February 3, 2019 Click on the left end of the black bar to play/pause
February 3, 2019
1 Corinthians 12:31–13:13
Fr. George Smiga
Today’s second reading from Paul’s first letter to the Corinthians is very well known. Ninety percent of Catholic couples choose this reading to be part of their wedding liturgy. They do this because the passage is about love. Paul goes on for a whole chapter talking about the qualities and the power of love. When we first read this passage, we are tempted to use Paul’s description of love as a kind of moral checklist, examining ourselves about how well we have loved. Have I been patient? Have I been kind? Am I concerned only about my own self-interest? Do I brood over injuries?
Using Paul’s words this way is certainly valid and helpful, but there are indications in the text that Paul has something larger in mind than our moral improvement. The tip-off to this larger sense is when Paul says, “Love never fails.” Love never fails? Of course it does. Love fails regularly. Honest efforts of love to hold a marriage together sometimes fail. Sincere attempts to save a son, daughter, or friend from making a disastrous decision sometimes fail. Love fails all the time. So how can Paul say, “Love never fails”? He can say it because here Paul is not talking about our love. He is talking about a greater and a prior love. He is talking about the love of God.
Behind all that Paul says about love is the eternal, perfect love of God which never fails. And the words fit. God’s love is patient. Time and time again, God waits for us, waits for us to see, waits for us to change, waits for us to respond to his love. God’s love is kind. God does not bully us or push us around but deals with us gently, as a mother deals with her infant child. God’s love does not seek its own interest. On the contrary, God humbles himself to become one of us, to suffer on the cross so that we might have life. God’s love is not about God’s interests but about our interests. God’s love does not brood over injuries. God’s love is merciful. No matter how many times we turn our back on God, God is willing to forgive. God does not brood over our sins. Though they be as red as scarlet, God will make them white as snow. Underlying all that Paul says in this famous hymn of love is God’s eternal and perfect love, which never fails.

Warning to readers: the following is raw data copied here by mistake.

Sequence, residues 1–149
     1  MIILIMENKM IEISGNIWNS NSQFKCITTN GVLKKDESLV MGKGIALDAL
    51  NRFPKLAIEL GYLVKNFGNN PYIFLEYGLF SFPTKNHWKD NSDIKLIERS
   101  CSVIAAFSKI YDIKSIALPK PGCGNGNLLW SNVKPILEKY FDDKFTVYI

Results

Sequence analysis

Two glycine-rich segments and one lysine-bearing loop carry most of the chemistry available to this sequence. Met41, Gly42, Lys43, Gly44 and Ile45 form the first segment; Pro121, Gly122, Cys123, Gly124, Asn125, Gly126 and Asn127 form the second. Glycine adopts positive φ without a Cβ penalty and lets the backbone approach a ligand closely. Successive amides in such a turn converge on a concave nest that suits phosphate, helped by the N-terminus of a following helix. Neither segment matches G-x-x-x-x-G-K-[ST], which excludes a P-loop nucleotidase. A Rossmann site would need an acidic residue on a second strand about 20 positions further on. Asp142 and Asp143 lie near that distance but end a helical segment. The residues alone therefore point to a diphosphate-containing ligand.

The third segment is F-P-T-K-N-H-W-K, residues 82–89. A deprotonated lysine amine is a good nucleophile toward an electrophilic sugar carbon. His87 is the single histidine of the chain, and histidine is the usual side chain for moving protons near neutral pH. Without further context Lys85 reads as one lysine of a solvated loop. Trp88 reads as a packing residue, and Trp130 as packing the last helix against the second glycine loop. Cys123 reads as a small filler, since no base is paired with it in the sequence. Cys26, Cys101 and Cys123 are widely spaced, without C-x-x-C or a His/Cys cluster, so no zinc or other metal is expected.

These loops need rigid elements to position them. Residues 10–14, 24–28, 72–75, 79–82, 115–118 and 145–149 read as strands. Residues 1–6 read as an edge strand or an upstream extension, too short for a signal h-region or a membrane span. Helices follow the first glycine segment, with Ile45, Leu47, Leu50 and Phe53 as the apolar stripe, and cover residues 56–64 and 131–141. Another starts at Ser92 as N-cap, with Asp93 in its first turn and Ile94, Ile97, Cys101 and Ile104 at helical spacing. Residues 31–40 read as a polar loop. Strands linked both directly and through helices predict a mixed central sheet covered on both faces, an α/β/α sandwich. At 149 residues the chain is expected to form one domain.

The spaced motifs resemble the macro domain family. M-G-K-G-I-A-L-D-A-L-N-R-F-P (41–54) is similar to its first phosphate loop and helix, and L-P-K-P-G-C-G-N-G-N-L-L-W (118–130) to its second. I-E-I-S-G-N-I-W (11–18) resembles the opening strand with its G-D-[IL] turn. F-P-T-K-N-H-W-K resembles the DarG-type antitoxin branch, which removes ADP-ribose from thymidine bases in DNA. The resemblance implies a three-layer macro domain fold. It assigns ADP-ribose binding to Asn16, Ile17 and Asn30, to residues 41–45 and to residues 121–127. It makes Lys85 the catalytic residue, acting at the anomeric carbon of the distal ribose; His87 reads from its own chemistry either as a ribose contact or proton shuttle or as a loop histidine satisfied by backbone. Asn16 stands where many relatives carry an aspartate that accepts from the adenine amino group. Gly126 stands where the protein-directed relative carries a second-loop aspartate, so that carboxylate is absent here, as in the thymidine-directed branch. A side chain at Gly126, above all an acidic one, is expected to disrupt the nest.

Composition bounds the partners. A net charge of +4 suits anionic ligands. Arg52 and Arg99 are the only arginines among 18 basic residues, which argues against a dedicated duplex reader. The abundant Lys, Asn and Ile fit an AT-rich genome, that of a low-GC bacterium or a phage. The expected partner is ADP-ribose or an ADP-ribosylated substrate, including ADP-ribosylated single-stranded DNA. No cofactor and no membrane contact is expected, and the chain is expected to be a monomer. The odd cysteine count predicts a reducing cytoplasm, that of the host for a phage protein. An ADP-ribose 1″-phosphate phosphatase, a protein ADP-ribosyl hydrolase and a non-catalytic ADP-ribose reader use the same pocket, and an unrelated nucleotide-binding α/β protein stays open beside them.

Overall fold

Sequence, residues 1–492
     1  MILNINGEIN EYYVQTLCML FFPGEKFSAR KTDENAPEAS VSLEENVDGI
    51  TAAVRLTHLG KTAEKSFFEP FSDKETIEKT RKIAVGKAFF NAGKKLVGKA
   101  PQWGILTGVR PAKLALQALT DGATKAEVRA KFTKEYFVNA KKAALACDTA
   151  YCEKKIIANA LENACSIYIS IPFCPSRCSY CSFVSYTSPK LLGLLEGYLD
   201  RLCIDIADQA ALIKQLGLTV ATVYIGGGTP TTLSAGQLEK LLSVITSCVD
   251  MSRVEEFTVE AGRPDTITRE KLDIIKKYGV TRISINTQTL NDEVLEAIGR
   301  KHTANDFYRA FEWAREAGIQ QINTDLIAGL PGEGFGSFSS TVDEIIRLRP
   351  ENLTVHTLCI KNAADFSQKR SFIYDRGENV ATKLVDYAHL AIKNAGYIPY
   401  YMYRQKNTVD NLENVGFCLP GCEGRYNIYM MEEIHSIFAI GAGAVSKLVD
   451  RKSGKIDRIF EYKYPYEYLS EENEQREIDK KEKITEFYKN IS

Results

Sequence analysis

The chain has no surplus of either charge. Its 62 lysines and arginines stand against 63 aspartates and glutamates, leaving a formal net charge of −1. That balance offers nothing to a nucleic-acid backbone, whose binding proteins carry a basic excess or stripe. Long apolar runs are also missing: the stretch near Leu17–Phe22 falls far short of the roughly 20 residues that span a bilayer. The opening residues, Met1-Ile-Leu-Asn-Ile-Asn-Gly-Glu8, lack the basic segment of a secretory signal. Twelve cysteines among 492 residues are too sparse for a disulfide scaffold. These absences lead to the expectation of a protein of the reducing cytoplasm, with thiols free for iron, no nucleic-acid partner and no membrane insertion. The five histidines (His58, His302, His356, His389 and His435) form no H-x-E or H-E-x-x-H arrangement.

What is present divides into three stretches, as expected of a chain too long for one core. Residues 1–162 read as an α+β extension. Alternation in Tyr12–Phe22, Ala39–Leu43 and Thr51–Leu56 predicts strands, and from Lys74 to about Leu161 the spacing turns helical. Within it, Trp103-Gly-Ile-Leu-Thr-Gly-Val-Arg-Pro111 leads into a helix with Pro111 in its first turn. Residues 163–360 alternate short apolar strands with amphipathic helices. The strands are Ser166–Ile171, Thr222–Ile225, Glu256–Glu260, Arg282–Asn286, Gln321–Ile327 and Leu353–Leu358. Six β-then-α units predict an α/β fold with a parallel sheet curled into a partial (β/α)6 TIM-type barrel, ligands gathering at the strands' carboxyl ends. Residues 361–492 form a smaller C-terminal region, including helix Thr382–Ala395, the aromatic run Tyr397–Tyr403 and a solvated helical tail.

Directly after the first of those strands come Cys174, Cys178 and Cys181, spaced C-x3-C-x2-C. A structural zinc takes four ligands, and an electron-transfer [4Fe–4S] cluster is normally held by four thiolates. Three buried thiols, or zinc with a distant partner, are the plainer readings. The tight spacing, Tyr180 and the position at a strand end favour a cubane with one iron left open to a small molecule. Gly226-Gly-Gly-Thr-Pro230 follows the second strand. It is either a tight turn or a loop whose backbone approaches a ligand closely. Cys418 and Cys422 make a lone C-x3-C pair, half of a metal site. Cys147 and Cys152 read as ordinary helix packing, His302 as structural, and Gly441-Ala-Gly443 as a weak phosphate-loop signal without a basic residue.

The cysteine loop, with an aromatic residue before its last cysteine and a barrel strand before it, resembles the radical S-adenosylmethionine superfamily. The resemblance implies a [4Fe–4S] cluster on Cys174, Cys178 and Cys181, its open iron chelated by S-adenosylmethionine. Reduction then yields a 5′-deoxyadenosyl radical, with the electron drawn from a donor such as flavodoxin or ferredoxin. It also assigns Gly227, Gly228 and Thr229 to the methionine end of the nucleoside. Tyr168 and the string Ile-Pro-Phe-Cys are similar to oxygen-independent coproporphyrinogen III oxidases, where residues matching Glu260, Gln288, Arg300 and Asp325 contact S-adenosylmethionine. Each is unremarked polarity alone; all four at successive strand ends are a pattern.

Now, of course, Paul invites us to imitate God’s love. Because we have known God’s patience, kindness, generosity, and mercy, we are invited to be patient, kind, generous, and merciful to others. But the reason we do these actions is not simply because they are good, or because they are right, but because doing them allows us to participate in the love of God.
So the next time you are able to be patient with a family member who drives you crazy, know that your patience is not simply the result of Jesus’ teaching, but it is allowing you to act like God. The next time that you give of yourself generously to a friend who is in serious need, know that you are not simply doing something good, you are doing something divine. If you find the grace to forgive an enemy who has hurt you deeply, know that your action is not simply something moral. It is something eternal. God’s perfect love has called all things into being, saved us through Jesus Christ, and promises us eternal life. That is the love we have known. That is the love that we are called to share.